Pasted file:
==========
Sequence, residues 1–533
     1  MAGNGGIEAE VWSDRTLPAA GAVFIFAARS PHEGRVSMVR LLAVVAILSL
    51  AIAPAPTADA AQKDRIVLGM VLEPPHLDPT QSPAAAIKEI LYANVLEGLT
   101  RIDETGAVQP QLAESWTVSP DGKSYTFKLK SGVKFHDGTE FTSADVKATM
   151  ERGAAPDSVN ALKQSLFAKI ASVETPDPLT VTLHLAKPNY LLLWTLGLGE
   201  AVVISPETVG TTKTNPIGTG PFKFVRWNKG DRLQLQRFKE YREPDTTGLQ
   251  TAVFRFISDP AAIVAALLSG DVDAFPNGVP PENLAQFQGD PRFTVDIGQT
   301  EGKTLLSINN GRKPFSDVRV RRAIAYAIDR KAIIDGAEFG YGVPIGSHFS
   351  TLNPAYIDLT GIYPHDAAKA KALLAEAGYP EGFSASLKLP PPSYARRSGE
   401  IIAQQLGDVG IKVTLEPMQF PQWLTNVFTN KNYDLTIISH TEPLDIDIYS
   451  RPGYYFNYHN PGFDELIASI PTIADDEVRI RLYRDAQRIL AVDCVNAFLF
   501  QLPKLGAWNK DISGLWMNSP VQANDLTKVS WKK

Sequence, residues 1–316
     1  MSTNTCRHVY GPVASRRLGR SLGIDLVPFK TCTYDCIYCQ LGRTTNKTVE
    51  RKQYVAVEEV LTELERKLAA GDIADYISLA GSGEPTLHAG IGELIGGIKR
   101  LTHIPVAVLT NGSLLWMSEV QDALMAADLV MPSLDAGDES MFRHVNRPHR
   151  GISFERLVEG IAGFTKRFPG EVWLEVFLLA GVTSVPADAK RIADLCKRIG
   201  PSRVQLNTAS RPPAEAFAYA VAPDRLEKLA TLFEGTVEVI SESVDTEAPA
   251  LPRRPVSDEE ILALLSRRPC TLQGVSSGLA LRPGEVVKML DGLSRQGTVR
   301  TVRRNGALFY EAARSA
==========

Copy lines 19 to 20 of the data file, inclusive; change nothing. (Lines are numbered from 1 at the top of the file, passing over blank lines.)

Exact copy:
   251  LPRRPVSDEE ILALLSRRPC TLQGVSSGLA LRPGEVVKML DGLSRQGTVR
   301  TVRRNGALFY EAARSA